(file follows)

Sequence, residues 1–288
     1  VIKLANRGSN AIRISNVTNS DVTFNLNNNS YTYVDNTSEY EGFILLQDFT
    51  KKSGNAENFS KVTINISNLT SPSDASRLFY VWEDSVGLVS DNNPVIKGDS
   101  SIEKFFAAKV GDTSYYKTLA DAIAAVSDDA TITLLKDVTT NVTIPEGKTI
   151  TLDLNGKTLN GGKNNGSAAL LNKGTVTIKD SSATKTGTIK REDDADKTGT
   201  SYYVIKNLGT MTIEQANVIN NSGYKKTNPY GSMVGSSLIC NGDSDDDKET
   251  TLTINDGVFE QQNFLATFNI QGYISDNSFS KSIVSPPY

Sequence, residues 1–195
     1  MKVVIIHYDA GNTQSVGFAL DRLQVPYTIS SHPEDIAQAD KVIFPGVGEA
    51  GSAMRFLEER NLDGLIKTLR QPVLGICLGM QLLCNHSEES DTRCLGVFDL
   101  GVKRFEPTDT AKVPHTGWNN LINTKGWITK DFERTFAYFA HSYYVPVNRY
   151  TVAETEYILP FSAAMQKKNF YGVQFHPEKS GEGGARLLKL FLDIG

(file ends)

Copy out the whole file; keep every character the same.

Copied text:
Sequence, residues 1–288
     1  VIKLANRGSN AIRISNVTNS DVTFNLNNNS YTYVDNTSEY EGFILLQDFT
    51  KKSGNAENFS KVTINISNLT SPSDASRLFY VWEDSVGLVS DNNPVIKGDS
   101  SIEKFFAAKV GDTSYYKTLA DAIAAVSDDA TITLLKDVTT NVTIPEGKTI
   151  TLDLNGKTLN GGKNNGSAAL LNKGTVTIKD SSATKTGTIK REDDADKTGT
   201  SYYVIKNLGT MTIEQANVIN NSGYKKTNPY GSMVGSSLIC NGDSDDDKET
   251  TLTINDGVFE QQNFLATFNI QGYISDNSFS KSIVSPPY

Sequence, residues 1–195
     1  MKVVIIHYDA GNTQSVGFAL DRLQVPYTIS SHPEDIAQAD KVIFPGVGEA
    51  GSAMRFLEER NLDGLIKTLR QPVLGICLGM QLLCNHSEES DTRCLGVFDL
   101  GVKRFEPTDT AKVPHTGWNN LINTKGWITK DFERTFAYFA HSYYVPVNRY
   151  TVAETEYILP FSAAMQKKNF YGVQFHPEKS GEGGARLLKL FLDIG